Soil Surfactants (wetting agents) can bridge the gap between philic and phobic soils but; it is important to understand that all wetting agents are not the same. With the increase of new technologies and formulations; understanding the fundamental mechanisms which govern how water behaves in and interacts with a soil, aids understanding of the action and intended effect of different classifications of wetting agent surfactants.
Wetting agents can be formulated with a blend of differing chemistries, each one taken from the subsequent classifications listed below.
Blended products are formulated to offer multiple effects in the soil profile. For example mixing a curative with a penetrant acts to both strip away the organic waxy hydrophobic coating from soil particles (curative portion) whilst simultaneously breaking water tension to encourage penetration through the profile (penetrant portion). By understanding the way classifications of wetting agent chemistry work turf mangers can make better informed decisions on what combination of blended surfactant chemistries they should seek to utilise.
There are a number of block copolymer wetting agent chemistries available. They each vary in their molecular arrangement, weight and chain length.
Use block copolymers wetting agents as a preventative strategy against the onset of localised dry patch during the summer. Apply block copolymer wetting agents from March onwards. To attain peak performance they must be allowed to build up in the soil profile. The way each molecule is constructed determines their longevity and effect in the soil. Broadly speaking block copolymers retain and spread water throughout the soil profile with the aim of maintaining uniform soil moisture.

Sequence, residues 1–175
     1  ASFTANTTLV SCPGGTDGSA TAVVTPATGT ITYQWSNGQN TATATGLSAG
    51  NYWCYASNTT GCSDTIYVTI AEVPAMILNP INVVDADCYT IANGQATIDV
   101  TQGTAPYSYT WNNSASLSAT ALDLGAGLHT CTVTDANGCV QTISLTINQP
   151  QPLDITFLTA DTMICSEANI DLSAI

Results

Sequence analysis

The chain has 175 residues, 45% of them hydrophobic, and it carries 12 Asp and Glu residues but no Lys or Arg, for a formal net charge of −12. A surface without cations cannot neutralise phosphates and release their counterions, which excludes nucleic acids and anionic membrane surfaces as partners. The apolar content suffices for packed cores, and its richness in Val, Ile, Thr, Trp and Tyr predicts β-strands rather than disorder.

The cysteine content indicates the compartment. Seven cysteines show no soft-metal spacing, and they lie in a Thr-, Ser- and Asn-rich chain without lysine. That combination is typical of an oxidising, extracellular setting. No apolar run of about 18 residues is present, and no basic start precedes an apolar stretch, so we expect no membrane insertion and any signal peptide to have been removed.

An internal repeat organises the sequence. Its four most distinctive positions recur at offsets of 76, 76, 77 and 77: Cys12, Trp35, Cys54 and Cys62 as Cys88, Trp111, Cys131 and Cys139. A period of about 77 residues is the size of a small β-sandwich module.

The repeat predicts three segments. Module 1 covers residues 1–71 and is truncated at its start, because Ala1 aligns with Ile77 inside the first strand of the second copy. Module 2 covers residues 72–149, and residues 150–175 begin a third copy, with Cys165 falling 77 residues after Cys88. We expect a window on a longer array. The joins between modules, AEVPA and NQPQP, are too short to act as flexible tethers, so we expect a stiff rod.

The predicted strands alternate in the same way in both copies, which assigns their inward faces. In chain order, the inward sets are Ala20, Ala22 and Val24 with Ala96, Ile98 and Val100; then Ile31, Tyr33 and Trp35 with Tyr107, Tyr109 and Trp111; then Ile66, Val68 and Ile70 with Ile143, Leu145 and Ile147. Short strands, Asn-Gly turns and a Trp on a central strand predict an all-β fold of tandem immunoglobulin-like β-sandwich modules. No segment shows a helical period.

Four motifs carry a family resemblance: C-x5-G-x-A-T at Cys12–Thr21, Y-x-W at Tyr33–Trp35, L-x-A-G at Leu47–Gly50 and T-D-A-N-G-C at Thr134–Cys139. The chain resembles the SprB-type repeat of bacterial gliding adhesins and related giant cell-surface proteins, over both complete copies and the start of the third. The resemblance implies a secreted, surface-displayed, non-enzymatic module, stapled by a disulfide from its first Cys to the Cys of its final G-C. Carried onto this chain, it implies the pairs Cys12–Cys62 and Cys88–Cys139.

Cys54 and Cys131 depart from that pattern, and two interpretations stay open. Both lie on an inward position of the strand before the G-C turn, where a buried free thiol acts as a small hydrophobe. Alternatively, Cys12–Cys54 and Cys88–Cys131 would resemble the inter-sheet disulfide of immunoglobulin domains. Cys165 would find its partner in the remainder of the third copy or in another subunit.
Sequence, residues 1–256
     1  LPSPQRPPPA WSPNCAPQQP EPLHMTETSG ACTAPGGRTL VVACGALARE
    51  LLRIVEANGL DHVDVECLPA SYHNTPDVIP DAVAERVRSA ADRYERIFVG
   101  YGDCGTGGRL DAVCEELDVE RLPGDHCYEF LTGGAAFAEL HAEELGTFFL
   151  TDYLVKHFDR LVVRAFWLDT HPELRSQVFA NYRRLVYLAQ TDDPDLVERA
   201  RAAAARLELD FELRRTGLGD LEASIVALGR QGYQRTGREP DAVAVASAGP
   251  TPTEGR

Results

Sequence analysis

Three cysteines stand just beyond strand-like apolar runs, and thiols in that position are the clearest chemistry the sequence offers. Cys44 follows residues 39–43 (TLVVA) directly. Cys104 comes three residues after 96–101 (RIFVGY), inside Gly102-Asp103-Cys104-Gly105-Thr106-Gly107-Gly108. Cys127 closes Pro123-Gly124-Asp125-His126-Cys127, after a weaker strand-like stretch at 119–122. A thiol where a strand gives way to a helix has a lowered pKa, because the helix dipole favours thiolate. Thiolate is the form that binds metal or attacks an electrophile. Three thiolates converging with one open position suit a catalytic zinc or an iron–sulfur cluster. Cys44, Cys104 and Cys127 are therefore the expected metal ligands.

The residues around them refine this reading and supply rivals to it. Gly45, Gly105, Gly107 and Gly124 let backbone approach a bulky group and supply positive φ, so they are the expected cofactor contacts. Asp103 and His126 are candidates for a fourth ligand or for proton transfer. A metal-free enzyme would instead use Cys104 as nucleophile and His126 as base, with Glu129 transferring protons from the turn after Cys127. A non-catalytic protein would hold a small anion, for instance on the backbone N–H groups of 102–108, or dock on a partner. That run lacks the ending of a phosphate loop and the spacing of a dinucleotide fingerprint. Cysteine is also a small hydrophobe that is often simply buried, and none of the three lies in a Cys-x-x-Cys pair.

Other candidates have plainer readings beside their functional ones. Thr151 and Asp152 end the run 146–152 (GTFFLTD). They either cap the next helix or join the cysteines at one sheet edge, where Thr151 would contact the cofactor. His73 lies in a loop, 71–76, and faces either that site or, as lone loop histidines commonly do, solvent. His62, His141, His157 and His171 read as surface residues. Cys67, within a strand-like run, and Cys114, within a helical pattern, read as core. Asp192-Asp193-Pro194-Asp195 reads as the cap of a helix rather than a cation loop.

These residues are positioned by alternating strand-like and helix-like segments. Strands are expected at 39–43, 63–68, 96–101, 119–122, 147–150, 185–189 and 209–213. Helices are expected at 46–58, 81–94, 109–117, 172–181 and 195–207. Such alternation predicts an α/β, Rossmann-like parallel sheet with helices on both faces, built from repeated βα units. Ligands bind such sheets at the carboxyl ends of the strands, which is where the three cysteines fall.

Designed to break the surface tension of water enabling it to flow down into soils more effectively.
Use when seeking to aid penetration of rain and irrigation water throughout the soil profile. Either to wet a soil or when aiming to release moisture trapped in surface organic material.
Capable of removing the organic substances coating soil particles which cause hydrophobic behaviour.
Use in soils where localised dry patch is evident. Some curative wetting agents can be antagonistic to soil microorganisms so should be used sparingly.
Increasingly the pressure of climate change mean that management of the core master variable within the soil is more and more relevant. As extremes in the climate push conditions from a period of prolonged drought pressure and therefore water stress, to periods of heavy rainfall and waterlogging the next. Understanding the fundamentals of how surfactant wetting agents operate and then thinking about how to deal with the extremes of weather, via a simple annual wetting agent management plan, is a sensible and straightforward means to cover all manner of eventualities the climate may conjure up throughout the year.